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You Might Not Know How Much Your Rolex Is Really Worth Until It’s Stolen

Paul Altieri

The New York Post is often known for its liberal use of hyperbole when reporting the news. Very rarely do they manage to err on the side of understatement. Yet that’s exactly what happened with a report the other day about a Rolex Submariner that was stolen off its owner’s wrist in broad daylight. Probably an ordinary occurrence in New York (you’re no doubt thinking), so what’s all the fuss?  

Stolen Rolex Submariner

A Stolen Rolex Submariner

It turns out the watch – a Rolex Submariner – and its owner, are far from ordinary. It belonged to retired sports agent Matt Merola, 85, who represented a number of amazing athletes in his time. The stolen Sub was given to Merola on his 70th birthday by some of his star clients including famed Yankees slugger Reggie Jackson, “Miracle Met” Tom Seaver and other sports legends.

Stolen Submariner

The Post solemnly reported that the stolen watch was worth an impressive $5,000 – which is of course completely wrong. Merola turned 70 some 15 years ago, meaning that the watch was most likely produced somewhere around c.2004, which would make it (more than likely) a reference 16610 Submariner. While $5,000 was probably close to the original purchase price, today that same Submariner reference is worth closer to $10,000, with most examples selling for $8,000 to $9,000 on the secondary market, depending on their age, condition, and a number of other factors.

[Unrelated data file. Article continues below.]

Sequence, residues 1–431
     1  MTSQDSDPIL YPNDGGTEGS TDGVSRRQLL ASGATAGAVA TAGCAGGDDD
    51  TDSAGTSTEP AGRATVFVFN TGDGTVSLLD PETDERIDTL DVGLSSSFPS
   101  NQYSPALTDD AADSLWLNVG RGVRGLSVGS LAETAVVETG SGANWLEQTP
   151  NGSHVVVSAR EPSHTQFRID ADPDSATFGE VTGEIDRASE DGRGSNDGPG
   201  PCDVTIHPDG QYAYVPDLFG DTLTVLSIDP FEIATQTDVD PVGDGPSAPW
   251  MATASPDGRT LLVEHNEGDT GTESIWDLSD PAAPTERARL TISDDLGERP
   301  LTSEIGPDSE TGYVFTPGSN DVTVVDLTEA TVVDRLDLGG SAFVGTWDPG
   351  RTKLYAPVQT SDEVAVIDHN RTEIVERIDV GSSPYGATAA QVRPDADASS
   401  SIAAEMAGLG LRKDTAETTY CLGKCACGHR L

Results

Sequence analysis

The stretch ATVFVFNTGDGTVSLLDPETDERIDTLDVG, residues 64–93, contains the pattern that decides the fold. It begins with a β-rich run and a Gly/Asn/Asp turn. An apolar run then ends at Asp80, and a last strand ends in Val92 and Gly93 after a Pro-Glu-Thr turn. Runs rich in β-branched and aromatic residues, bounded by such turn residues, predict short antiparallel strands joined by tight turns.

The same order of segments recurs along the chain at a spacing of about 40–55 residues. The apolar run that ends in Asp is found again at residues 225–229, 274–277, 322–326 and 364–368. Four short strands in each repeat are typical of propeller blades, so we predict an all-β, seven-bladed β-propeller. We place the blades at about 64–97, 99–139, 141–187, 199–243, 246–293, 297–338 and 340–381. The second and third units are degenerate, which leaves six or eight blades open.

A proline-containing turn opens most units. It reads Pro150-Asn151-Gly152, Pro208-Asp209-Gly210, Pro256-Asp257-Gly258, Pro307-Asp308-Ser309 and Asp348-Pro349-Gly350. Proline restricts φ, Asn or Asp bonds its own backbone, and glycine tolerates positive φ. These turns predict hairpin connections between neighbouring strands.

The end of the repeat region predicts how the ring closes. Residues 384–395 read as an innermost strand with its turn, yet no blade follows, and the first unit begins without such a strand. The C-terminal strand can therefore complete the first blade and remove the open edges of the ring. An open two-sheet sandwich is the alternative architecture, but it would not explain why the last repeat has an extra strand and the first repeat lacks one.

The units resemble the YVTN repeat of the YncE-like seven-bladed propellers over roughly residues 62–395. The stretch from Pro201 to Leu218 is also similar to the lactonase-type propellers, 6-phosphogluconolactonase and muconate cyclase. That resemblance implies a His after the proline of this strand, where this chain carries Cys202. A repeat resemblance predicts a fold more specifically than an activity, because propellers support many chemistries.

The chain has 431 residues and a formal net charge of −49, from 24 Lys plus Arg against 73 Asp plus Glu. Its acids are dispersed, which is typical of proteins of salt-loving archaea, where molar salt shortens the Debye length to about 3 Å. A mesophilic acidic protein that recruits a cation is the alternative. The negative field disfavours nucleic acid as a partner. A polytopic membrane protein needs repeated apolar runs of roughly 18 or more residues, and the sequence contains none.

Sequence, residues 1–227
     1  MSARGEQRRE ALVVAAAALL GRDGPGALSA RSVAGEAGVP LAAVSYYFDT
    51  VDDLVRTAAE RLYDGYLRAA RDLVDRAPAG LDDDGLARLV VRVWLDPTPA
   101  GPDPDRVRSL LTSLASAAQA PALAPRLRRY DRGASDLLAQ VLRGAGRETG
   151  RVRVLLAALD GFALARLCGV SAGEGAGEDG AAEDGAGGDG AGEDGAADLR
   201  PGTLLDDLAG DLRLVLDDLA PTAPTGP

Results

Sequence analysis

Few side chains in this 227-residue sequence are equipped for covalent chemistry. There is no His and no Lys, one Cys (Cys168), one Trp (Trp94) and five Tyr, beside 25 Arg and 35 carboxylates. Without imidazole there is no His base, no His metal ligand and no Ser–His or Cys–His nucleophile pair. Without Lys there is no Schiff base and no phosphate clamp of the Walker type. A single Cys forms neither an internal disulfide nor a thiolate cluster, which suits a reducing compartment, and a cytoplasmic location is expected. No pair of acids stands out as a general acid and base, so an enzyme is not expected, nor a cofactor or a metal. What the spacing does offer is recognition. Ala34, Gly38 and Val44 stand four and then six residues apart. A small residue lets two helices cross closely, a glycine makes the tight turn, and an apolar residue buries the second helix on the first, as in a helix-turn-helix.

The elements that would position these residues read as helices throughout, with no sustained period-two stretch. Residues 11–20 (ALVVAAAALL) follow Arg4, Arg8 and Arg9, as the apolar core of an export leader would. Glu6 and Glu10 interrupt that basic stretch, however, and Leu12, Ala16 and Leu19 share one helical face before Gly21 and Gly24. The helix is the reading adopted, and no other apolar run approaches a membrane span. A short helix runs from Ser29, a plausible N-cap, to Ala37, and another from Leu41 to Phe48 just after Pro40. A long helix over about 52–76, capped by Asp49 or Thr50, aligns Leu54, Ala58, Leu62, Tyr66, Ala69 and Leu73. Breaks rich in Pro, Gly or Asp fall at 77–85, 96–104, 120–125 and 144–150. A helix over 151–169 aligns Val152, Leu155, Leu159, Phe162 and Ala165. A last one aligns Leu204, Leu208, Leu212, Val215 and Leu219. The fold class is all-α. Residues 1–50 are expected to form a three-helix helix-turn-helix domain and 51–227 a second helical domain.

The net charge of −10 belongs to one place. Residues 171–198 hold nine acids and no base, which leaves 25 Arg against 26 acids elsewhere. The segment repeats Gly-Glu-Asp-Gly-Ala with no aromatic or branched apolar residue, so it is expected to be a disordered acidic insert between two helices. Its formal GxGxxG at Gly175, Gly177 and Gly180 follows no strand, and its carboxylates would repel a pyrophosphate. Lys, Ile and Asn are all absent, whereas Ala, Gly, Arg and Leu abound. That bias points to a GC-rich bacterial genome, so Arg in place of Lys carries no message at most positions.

Stolen Rolex

Not Your Average Submariner

But wait – this is no garden variety Submariner 16610. Jackson, Seaver, Hall of Fame pitcher Nolan Ryan, and Hall of Fame quarterback Bob Griese, who all originally pitched in to buy the Rolex watch for Merola, had it engraved with their names and jersey numbers. Suddenly this Rolex is worth a hell of a lot more, say around $20,000 at a conservative estimate.

Rolex Stolen from Owner

Given its unique markings, it may be tough for the thieves, who employed a rather devious bait-and-switch tactic to separate Merola from his Submariner, to sell the watch. However, there is always the possibility that some unscrupulous collector might be all too happy to squirrel it away in a safe. The Post reports that the Sub was Merola’s “most prized possession” and that he is “heartbroken” by the theft, as anyone would be. Jackson however is on a mission to find a replacement, and is trying to track down the watch’s serial number so that an identical model can be found (he might be shocked at the price increase). 

“We’ll get together and buy another one,” the ex-Yankee told the paper. This all underscores the point that quite a few people are walking around wearing older Rolex watches that are worth twice as much as they think (if not more), thanks to the sharp spikes in value in recent years. Hopefully, it won’t take a robbery to realize the truth. 

Matt Merola Stolen Rolex
Paul Altieri
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